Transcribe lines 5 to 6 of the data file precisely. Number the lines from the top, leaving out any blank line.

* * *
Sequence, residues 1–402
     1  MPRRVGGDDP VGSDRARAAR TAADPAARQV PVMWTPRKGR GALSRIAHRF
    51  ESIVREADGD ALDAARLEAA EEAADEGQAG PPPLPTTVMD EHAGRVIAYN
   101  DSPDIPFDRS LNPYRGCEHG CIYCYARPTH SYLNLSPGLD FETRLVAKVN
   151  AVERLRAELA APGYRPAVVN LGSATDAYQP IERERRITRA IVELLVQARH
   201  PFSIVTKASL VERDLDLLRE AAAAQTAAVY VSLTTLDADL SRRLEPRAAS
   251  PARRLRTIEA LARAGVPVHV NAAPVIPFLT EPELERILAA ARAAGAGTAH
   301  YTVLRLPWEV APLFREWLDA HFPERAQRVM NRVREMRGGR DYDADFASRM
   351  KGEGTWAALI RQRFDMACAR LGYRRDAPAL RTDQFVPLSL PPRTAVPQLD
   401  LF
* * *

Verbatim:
   151  AVERLRAELA APGYRPAVVN LGSATDAYQP IERERRITRA IVELLVQARH
   201  PFSIVTKASL VERDLDLLRE AAAAQTAAVY VSLTTLDADL SRRLEPRAAS